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Religions of the Constantinian Empire$
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Mark Edwards

Print publication date: 2015

Print ISBN-13: 9780199687725

Published to Oxford Scholarship Online: November 2015

DOI: 10.1093/acprof:oso/9780199687725.001.0001

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The Metamorphoses of Platonism

The Metamorphoses of Platonism

Chapter:
(p.41) Chapter 3 The Metamorphoses of Platonism
Source:
Religions of the Constantinian Empire
Author(s):

Mark Edwards

Publisher:
Oxford University Press
DOI:10.1093/acprof:oso/9780199687725.003.0003

Chapter 3 observes that, notwithstanding the invectives of Porphyry against the Christians, the pagan Platonism of the Constantinian era has a more religious colour than that of Plotinus which would have made it more assimilable to Christians. The chief exponents in this period are Iamblichus and Theodore of Asine, both of whom are eclectic in their sympathies, though thoroughly Greek in temper. Chalcidius, on the other hand, is a prime example of liminality or hybridity, clearly stamped as a Christian by his references to Origen and the Hebrews, yet consistently working out his own cosmology within the Platonic tradition. By contrast, Eusebius is careful not to permit the boundary between Christianity and Platonism to be obscured. The end of the chapter brings us back to Porphyry, or rather to Constantine’s invidious use of his name in a philippic against the heretic Arius.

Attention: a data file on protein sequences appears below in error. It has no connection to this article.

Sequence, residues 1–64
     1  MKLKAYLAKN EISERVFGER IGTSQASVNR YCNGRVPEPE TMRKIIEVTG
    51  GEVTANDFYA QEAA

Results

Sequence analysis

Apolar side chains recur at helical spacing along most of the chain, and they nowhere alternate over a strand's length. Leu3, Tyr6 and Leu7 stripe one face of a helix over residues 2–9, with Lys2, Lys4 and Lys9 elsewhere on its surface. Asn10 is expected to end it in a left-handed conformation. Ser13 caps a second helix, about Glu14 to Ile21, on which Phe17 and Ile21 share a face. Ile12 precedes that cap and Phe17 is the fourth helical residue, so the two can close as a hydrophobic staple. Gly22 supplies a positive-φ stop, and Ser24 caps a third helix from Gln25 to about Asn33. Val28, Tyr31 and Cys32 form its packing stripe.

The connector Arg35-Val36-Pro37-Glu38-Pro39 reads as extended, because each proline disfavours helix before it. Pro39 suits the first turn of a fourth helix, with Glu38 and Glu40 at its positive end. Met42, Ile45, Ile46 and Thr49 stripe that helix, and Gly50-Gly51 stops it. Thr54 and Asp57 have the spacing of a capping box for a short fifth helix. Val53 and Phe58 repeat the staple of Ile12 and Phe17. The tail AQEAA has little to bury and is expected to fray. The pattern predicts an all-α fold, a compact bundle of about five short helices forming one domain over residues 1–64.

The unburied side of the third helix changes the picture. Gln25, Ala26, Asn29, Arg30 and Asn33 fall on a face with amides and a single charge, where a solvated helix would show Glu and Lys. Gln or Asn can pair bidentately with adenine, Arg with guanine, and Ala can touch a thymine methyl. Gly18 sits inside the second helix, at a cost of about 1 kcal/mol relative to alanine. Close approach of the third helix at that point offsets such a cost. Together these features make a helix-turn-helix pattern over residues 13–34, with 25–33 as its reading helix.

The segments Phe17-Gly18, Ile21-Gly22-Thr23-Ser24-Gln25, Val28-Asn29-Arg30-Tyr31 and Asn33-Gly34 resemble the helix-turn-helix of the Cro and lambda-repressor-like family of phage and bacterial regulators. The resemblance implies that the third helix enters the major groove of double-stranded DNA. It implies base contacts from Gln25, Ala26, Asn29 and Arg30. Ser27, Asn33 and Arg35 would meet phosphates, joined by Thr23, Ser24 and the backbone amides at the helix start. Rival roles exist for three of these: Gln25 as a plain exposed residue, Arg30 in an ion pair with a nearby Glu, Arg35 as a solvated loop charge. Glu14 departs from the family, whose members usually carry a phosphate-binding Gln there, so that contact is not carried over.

Keywords:   Platonism, Porphyry, Iamblichus, Theodore of Asine, Chalcidius, Numenius, Eusebius of Caesarea, Arius, second god, Constantine

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